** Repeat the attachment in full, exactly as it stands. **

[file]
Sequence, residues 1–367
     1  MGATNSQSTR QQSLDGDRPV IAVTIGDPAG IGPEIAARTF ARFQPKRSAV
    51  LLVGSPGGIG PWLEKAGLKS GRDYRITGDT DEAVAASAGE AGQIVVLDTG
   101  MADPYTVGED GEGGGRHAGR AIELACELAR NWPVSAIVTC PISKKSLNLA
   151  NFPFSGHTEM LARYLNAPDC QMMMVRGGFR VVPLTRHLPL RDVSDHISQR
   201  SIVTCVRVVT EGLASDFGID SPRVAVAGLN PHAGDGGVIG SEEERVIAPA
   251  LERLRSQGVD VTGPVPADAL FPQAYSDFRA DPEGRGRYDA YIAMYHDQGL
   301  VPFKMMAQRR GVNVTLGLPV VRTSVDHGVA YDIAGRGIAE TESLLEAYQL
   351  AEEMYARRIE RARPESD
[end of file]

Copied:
Sequence, residues 1–367
     1  MGATNSQSTR QQSLDGDRPV IAVTIGDPAG IGPEIAARTF ARFQPKRSAV
    51  LLVGSPGGIG PWLEKAGLKS GRDYRITGDT DEAVAASAGE AGQIVVLDTG
   101  MADPYTVGED GEGGGRHAGR AIELACELAR NWPVSAIVTC PISKKSLNLA
   151  NFPFSGHTEM LARYLNAPDC QMMMVRGGFR VVPLTRHLPL RDVSDHISQR
   201  SIVTCVRVVT EGLASDFGID SPRVAVAGLN PHAGDGGVIG SEEERVIAPA
   251  LERLRSQGVD VTGPVPADAL FPQAYSDFRA DPEGRGRYDA YIAMYHDQGL
   301  VPFKMMAQRR GVNVTLGLPV VRTSVDHGVA YDIAGRGIAE TESLLEAYQL
   351  AEEMYARRIE RARPESD